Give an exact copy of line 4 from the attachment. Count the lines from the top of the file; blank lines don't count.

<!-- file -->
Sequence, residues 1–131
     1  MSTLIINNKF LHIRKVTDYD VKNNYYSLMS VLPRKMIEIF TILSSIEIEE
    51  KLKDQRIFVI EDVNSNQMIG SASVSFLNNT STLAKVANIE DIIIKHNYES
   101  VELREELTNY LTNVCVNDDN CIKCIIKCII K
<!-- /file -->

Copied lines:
   101  VELREELTNY LTNVCVNDDN CIKCIIKCII K